Another abiding theme is the almost exponential growth of the gap between the wealthy elites and the mass of the population. This was on the agenda for Davos this year - again. If you don’t think that’s a real issue consider a recent report from Oxfam, saying that the 2,153 richest people in the world control more money that the poorest 4.6 billion. That’s an unlikely recipe for political, economic or social stability.

This brings us to the phenomenon of “elite statelessness”. The argument goes like this:  modern elites (like those 2,153 lucky people) have effectively withdrawn from their host societies. They are “denationalised” and are now transnational in thought, behaviour and in their sense of identity. Big thinkers like Samuel Huntington and Christopher Lasch have explored this theme in detail and very convincingly.

The result is that the elites tend to be disassociated from the normal life of society and are increasingly ignorant about what “normal life” means for the vast mass of the population. And the WEF founder, reflecting on the growth of confrontational politics and activism, recently said that “people are revolting against the elites they believe have betrayed them”.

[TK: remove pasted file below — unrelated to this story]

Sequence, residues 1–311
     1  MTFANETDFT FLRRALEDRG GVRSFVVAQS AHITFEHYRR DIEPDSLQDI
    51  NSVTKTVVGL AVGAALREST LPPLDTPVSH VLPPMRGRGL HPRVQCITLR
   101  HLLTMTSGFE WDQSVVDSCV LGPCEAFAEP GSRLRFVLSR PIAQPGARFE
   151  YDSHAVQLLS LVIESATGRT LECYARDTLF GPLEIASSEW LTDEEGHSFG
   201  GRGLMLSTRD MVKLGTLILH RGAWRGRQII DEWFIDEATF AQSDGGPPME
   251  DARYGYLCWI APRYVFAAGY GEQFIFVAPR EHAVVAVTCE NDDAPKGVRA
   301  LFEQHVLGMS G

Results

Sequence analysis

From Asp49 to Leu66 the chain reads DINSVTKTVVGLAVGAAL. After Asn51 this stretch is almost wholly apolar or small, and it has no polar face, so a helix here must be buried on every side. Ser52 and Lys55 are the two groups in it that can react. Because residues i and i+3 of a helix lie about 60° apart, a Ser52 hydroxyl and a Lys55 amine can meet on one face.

Why is this important? It’s about the effects of globalisation and the distribution of those effects. In other words, who benefits, who loses and to what extent? 

Everybody and all organisations/ governments (local and national) are living with the effects of globalisation every day. It isn’t something that is happening “out there” somewhere. And it isn’t living a life of its own – it’s a model and a system that has been created and shaped for certain purposes.

Before the 2018 WEF Forum (and yes, it was in Davos) Oxfam declared that, “the model of globalisation pursued for the last 40 years had clearly one set of major winners, the very richest in society”.  Whereas in 2017 half of the world’s population received a zero share of the wealth that was created globally in that year.  Oxfam said that if this vision and model of globalisation is allowed to persist it will create increasingly serious levels of political, social and economic instability. There you have it – an argument that explains why globalisation as it works today is not a good recipe for our collective long-term benefit.

We discussed the impact of climate change in our last “post from Davos”, and the ways in which it will make “natural” disasters more damaging, more frequent and more costly. Add to that a socio-political background of tension, confrontation and deteriorating inter-state relations – and you have a potent cocktail of issues.

If the WEF get-together and its Global Risks Report achieve anything of real significance and value, it will be in the field of climate change. And that will probably amount to, if we are lucky, a slight stiffening of the resolve to confront it and a little more willingness on the part of some governments and large organisations to put the collective good first. The performance of at least one speaker also reminds us that denialism is still there, still powerful in certain quarters and will continue to have to be dealt with.